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National News

Oklahoma: Reuse of Needle at Hospital Infects 50 with Hepatitis C

October 11, 2002

A note from TheBody.com: Since this article was written, the HIV pandemic has changed, as has our understanding of HIV/AIDS and its treatment. As a result, parts of this article may be outdated. Please keep this in mind, and be sure to visit other parts of our site for more recent information!

More than 50 people at a hospital in Norman, Okla., became infected with hepatitis C after a nurse repeatedly used the same syringe to give drugs, area health officials say. Norman Regional Hospital officials have contacted hundreds of patients treated since 1999 at the clinic where nurse James W. Hill worked to urge them to be tested for blood-borne diseases. Dr. Michael Crutcher, state epidemiologist at the Oklahoma Department of Health, said investigators believe the infections occurred when Hill, a nurse-anesthetist in the hospital's pain treatment clinic, repeatedly used the same syringe and needle to give a sedating medication to patients before medical procedures.

Crutcher said the nurse drew enough medication into a syringe to treat multiple patients seen at the clinic on the same day. Hill then used that syringe with the same needle to inject a small dose of medication into the port of an intravenous line that had been inserted into the arm of each patient.

Since a patient's blood can easily back up into intravenous line ports, nurses and doctors are supposed to use needles only once to avoid disease transmission. Crutcher said he does not believe Hill intended to cause any harm. He said Hill's actions, which came to light last month, resulted from a misunderstanding of proper procedures.

Norman Regional spokesperson Karen Carraway said 300 patients treated at the clinic this year have been tested, and 52 were positive for hepatitis C. The hospital is advising another 500 people treated at the clinic since it began operations in 1999 to seek testing. The hospital also suspended the privileges of the anesthesiologist running the clinic, Dr. Jerry W. Lewis, and barred Hill from working there. Crutcher said the Oklahoma Board of Nursing was also investigating Hill. A number of those infected have filed lawsuits against Hill, Lewis and Norman Regional.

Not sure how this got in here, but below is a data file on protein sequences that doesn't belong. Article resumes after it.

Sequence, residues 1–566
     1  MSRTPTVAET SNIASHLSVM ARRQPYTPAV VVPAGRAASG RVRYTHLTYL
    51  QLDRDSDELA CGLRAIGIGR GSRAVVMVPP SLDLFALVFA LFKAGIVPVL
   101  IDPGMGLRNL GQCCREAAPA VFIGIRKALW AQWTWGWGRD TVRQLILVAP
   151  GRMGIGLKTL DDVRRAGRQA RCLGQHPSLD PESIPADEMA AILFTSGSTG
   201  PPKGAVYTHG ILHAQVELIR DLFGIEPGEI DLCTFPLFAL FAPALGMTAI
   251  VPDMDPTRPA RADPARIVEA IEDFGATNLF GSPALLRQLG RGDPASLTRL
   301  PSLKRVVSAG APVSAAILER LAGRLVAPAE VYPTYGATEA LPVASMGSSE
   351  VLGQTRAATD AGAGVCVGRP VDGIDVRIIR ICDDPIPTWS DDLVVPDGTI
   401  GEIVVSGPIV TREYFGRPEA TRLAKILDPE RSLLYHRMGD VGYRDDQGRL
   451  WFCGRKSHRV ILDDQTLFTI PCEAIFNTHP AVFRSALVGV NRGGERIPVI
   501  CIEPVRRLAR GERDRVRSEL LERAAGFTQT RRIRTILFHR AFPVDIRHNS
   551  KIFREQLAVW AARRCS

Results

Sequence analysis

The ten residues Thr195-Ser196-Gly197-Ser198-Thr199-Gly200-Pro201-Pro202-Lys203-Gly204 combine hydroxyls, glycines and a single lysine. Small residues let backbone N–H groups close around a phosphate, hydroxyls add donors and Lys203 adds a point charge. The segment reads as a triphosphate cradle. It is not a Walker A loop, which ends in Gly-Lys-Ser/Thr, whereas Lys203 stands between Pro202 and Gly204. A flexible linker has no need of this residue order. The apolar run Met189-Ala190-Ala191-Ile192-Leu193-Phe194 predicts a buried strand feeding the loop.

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Safer hypodermic needles that can only be used once exist but must be completely emptied in order to work, so it is not clear if they would have prevented Hill's actions. The American Association of Nurse Anesthetists has reminded its members that needle reuse is not acceptable, Crutcher said.

Back to other CDC news for October 11, 2002

Previous Updates

Adapted from:
New York Times
10.10.02; Barry Meier

A note from TheBody.com: Since this article was written, the HIV pandemic has changed, as has our understanding of HIV/AIDS and its treatment. As a result, parts of this article may be outdated. Please keep this in mind, and be sure to visit other parts of our site for more recent information!



  
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This article was provided by CDC National Prevention Information Network. It is a part of the publication CDC HIV/Hepatitis/STD/TB Prevention News Update.
 
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